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When we woke up, it was snowing heavily, with visibility reduced to zero. Even the closest tents were barely discernible. The weather forecast indicated improvement by the afternoon, so we waited and discussed our strategy for the next ascent.

By noon, visibility began to improve slightly, and we noticed several teams in harnesses passing by our tents. Despite the continued snowfall, we decided to pack up and follow them.

Walking in such dense fog was unusual. A gray veil surrounded us, reminiscent of my last ski tour in Norway, where I had to navigate using GPS, completely disoriented: above, below, to the right and to the left—everything was a uniform white.

Just before the final steep slope, we caught up with the other teams. Everyone walked in a long line, with the pulka/sleigh stretching it much farther. Even technically challenging mountains like Denali suffer from overtourism, similar to the infamous photograph of climbers queuing on Hillary Step on Everest.

This situation is a modern paradox. On one hand, it’s encouraging that more people are interested in mountaineering. Typically, the more people on the mountain, the safer it is—more eyes, more hands, hence help is more likely to arrive quickly. However, an excess of climbers poses environmental risks and safety concerns. Especially with climate change shortening the window of good weather, crowds and queues form, leading to dangerous conditions where climbers risk dehydration, fatigue and frost bites.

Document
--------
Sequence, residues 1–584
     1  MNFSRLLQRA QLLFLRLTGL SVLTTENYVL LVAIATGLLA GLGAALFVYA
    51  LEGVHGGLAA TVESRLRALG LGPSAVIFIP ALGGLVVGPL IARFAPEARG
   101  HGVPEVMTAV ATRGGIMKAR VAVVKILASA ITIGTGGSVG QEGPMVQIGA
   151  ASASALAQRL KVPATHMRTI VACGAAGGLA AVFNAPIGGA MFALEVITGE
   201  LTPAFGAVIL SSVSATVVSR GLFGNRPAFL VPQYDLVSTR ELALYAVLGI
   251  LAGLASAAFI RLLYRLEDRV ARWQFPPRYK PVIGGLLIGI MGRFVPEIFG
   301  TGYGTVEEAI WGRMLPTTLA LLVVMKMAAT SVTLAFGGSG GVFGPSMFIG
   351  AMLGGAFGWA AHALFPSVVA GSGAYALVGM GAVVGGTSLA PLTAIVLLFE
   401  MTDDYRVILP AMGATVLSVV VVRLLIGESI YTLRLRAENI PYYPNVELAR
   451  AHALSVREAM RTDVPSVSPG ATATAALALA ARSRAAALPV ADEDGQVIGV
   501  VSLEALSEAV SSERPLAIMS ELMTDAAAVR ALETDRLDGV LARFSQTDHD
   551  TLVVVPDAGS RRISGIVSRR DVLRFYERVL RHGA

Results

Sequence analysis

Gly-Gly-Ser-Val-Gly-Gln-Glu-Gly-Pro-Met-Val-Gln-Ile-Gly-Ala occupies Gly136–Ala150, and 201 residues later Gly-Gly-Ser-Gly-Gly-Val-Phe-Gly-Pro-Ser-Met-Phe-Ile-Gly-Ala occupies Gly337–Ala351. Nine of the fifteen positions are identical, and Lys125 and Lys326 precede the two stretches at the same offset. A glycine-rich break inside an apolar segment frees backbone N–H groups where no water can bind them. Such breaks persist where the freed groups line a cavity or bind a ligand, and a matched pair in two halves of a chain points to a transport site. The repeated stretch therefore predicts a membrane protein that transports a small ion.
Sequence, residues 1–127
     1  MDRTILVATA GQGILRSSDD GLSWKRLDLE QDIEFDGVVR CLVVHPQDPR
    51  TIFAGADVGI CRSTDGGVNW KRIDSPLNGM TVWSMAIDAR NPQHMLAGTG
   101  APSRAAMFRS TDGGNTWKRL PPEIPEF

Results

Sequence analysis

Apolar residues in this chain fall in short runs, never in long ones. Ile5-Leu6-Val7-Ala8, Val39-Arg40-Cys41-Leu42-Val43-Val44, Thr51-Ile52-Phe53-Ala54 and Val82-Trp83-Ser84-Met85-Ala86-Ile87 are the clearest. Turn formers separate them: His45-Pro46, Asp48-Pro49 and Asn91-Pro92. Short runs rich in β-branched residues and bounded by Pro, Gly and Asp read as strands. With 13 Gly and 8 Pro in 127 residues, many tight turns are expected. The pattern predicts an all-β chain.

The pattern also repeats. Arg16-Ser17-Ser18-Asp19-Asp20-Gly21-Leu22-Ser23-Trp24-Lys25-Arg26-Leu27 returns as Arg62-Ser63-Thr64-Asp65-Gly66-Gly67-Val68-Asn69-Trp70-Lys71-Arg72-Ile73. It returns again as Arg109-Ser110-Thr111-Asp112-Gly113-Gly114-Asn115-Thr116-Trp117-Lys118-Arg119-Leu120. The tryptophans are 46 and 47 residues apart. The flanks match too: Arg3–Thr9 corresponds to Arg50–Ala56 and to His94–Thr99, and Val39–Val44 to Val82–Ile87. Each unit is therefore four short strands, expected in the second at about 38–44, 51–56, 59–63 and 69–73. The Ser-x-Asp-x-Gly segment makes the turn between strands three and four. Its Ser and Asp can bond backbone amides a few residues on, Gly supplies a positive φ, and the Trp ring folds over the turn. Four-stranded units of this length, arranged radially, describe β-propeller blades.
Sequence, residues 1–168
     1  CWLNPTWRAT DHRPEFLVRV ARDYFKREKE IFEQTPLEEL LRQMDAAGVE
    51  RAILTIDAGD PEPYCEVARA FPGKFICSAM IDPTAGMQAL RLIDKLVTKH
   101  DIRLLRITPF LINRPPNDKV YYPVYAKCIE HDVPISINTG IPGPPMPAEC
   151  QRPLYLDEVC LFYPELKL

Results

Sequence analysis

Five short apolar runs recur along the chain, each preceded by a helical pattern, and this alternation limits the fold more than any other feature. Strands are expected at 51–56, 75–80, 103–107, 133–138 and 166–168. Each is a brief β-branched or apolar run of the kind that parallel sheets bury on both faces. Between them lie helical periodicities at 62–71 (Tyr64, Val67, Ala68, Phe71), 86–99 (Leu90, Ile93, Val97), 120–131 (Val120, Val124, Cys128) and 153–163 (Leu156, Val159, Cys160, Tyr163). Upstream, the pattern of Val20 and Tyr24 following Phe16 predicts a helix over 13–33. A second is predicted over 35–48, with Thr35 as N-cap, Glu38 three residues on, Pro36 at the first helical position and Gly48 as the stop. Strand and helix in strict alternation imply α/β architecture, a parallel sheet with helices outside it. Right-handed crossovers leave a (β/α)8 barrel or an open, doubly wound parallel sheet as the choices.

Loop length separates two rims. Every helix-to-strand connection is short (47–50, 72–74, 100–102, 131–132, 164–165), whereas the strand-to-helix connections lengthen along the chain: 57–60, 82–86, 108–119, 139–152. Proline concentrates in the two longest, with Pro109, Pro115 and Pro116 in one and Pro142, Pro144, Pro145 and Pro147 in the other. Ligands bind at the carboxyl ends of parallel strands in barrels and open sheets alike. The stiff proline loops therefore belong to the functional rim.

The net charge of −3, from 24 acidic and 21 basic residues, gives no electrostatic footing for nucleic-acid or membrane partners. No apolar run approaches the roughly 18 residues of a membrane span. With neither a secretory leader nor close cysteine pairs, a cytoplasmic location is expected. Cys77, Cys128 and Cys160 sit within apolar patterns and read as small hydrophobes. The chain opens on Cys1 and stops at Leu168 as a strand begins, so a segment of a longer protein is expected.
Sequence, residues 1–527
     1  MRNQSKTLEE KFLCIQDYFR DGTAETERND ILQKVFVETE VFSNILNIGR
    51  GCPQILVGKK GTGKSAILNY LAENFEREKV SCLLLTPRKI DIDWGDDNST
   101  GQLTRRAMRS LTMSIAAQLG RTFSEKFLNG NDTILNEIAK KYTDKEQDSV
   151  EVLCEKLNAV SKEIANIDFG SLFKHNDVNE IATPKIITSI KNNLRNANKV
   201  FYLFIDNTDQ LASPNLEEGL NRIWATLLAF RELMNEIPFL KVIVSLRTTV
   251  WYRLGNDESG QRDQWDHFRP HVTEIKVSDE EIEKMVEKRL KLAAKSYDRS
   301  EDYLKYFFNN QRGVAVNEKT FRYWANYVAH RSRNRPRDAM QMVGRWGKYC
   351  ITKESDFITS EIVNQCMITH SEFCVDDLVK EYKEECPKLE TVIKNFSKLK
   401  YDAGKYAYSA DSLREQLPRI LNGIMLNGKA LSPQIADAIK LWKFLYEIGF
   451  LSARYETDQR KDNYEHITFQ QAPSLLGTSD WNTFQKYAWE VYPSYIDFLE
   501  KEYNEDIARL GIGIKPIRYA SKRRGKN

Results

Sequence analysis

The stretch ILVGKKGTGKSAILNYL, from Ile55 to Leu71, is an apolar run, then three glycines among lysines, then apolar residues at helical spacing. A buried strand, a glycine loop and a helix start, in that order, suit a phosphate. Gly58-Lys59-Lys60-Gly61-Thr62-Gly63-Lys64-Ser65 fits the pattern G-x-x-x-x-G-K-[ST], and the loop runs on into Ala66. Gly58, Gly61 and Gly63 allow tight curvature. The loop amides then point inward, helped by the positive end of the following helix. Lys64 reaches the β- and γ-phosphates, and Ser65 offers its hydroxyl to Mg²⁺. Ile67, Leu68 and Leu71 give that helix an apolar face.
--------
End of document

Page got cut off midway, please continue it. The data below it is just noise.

As we approached the third camp, the weather improved, and the sun emerged, though a strong wind continued to blow. Choosing the right spot for the tent was crucial—away from avalanche slopes but also distant from the cliff, where the wind was fiercest. We also needed to check the area with an avalanche probe to avoid setting up directly above a concealed glacier crevasse.

This time, we not only built a wall of snow blocks to shield our tents from the wind but also dug out an area for the tents. This task was exhausting after such a challenging day.

After this long day, I collapsed into sleep. Wrapping my legs in a down jacket kept me warm all night, and I slept soundly. We spent the entire next day resting at the third camp.

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